Well as for the Timing belt issue that has already been replaced a year and a half ago so that I am not worried about.

As for the battery suggestion I am waiting to take my car somewhere once I am no longer snowed in from this weeks eastern winter shutdown.

I did happen to stop by an Advance on my way home that night just to have them check the alternator and battery at least and nothing notable. (Although sometimes I have trouble trusting someone I have 0 history with he didn’t try to sell me on anything so there is that.)

What I did notice is my Battery light was now on with aforementioned Brake light and Door lights.
When he did go to check it after starting my car with the battery checking device attached all those lights disappeared and there was no problem after disconnecting. However once driving for another 10 miles on my way home thinking it was just nothing the lights came back on and proceeded to stay on turning off briefly at random intervals when driving.

Problem is persisting.
The Battery Light is now showing.
I quickly got the battery and alternator tested but quickly from an Advance.
Its snowing so I’m trapped at home for a couple of days.
Timing Belt has been changed about a year and a half ago.

Anyone check the brake lights yet? When the battery and the parking brake light come on at the same time, that indicates that the alternator has a shorted diode in it. It may be intermittent.

I agree about the grounds,check the grounds they can drive you nuts.I always like nice tight clean connections the current has to return to the battery some how and some strange things can happen, had a Pinto once that someone put an oversize battery in and didnt reconnect the chassis ground,it was grounding back through the instrument cluster somehow and somehow it didnt ruin anything,I remember about bad grounds on Corvairs burning the clutch cables up-Kevin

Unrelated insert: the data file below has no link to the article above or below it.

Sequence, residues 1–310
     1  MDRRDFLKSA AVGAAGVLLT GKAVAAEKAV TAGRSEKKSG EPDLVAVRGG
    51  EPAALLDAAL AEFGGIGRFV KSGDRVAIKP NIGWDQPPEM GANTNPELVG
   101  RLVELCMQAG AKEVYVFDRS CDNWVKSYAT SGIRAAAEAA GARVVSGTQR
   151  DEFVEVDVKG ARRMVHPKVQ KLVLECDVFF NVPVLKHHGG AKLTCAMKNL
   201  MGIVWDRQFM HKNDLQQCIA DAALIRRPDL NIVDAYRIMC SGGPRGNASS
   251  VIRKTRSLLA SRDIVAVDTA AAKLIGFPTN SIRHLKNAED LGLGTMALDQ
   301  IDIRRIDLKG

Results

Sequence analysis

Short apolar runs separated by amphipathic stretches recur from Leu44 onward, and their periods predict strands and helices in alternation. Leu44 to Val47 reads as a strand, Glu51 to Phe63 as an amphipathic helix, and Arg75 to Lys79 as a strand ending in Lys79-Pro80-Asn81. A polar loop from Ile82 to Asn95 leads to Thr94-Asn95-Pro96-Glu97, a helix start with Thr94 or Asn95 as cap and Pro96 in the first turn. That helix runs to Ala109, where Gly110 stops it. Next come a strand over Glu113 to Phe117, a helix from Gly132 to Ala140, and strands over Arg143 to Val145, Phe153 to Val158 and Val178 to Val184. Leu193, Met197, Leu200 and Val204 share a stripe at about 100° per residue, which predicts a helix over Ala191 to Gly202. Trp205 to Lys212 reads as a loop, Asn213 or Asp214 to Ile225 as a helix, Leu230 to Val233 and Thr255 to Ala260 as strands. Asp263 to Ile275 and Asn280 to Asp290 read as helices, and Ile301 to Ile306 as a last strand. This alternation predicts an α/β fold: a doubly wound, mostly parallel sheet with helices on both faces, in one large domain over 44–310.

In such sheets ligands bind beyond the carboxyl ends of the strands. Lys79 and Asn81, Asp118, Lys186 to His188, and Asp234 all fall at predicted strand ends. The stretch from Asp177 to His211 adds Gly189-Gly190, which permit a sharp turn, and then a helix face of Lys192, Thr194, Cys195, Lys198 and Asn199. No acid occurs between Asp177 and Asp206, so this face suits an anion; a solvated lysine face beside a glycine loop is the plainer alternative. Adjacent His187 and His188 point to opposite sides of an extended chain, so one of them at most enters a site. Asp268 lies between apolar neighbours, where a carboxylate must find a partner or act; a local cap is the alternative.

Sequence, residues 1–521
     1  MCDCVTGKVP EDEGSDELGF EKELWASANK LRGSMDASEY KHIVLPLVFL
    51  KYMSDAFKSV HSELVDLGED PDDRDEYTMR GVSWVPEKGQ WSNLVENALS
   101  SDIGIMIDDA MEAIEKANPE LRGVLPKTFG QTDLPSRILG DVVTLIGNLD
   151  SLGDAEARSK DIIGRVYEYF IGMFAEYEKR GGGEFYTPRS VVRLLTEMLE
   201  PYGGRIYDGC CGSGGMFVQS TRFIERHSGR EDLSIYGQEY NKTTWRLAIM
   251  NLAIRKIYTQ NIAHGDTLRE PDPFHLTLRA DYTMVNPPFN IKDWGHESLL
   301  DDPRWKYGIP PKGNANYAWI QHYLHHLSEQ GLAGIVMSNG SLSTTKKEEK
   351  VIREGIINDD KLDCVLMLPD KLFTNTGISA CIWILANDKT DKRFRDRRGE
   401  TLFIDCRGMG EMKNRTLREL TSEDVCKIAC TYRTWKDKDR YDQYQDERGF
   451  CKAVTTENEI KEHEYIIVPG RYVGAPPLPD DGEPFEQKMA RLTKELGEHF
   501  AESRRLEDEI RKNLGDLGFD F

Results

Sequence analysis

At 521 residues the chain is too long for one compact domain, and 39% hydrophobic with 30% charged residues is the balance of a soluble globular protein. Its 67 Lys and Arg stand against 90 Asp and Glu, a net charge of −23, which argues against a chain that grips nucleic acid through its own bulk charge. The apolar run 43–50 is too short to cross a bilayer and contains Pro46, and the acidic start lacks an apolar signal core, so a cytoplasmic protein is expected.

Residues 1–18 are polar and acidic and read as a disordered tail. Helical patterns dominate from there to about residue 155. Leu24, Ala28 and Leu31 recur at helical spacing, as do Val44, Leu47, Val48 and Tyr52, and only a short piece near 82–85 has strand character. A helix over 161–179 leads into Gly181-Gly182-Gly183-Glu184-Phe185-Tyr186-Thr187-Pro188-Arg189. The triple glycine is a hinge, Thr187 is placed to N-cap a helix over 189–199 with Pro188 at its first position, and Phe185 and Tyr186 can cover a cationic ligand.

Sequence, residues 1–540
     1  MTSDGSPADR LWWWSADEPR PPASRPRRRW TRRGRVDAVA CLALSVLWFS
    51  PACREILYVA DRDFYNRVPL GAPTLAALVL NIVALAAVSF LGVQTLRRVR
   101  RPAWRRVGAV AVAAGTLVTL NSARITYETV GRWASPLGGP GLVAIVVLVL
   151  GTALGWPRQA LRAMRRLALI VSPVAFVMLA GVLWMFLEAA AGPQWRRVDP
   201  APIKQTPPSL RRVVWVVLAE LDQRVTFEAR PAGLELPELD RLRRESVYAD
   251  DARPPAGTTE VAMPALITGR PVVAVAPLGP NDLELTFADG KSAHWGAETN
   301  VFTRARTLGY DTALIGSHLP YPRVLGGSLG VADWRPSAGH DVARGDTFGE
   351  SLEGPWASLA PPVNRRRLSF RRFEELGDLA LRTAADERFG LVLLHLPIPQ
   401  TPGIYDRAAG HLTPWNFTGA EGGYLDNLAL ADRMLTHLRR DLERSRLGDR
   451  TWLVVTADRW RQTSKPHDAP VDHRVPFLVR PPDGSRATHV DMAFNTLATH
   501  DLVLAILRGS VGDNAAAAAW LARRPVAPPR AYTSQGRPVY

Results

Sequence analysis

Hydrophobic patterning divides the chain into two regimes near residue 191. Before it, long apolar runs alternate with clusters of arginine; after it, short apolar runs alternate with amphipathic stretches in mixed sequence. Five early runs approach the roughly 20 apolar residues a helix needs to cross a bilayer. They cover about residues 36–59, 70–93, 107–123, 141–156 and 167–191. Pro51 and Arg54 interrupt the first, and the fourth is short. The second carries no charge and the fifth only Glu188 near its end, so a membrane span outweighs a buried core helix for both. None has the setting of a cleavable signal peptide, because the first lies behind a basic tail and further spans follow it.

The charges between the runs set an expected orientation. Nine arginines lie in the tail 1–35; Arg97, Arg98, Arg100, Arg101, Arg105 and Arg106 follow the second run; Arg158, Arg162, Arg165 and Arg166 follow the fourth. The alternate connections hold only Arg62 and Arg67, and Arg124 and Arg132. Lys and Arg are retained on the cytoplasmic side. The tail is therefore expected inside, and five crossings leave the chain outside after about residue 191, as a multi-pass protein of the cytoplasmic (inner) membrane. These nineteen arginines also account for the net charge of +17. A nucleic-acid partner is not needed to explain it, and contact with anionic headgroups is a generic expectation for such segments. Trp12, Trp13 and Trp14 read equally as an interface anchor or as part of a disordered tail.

Concur w/Keith above, battery and brake dash lights on at the same time, the first suspect is an alternator on the fritz. (The manufacturers often light the brake light switch as a fail-safe, just in case the alternator dash light bulb has burned out, to alert the driver that some condition has arisen that needs immediate att’n.) This is a safety issue. If the alternator stops working during a drive, the charging operation will cease, and the car will completely stop running as soon as the battery is drained, leaving you stranded. So you need to know for sure whether your alternator is working or not.

The door light may be a separate problem, a stuck or frozen door switch or something to that effect. You could go around the car, open the doors, look in the door jam area of each door for a protruding switch, press on it, see if it does what it is supposed to do.

Another thing to try: Next time you get in the car, turn the key to “on”, but don’t start it. Make sure all the dashboard lights that should be on, are in fact on. That is a way to test the bulbs and some of the wiring in the dash board. Usually most of them, including the check engine, oil, battery, and brake light come on then. After you start the car, within a few seconds they all should go off.

As mentioned above, if any of the car’s wiring harnesses or connectors or grounds are not functionally properly, pretty much anything can happen, including this.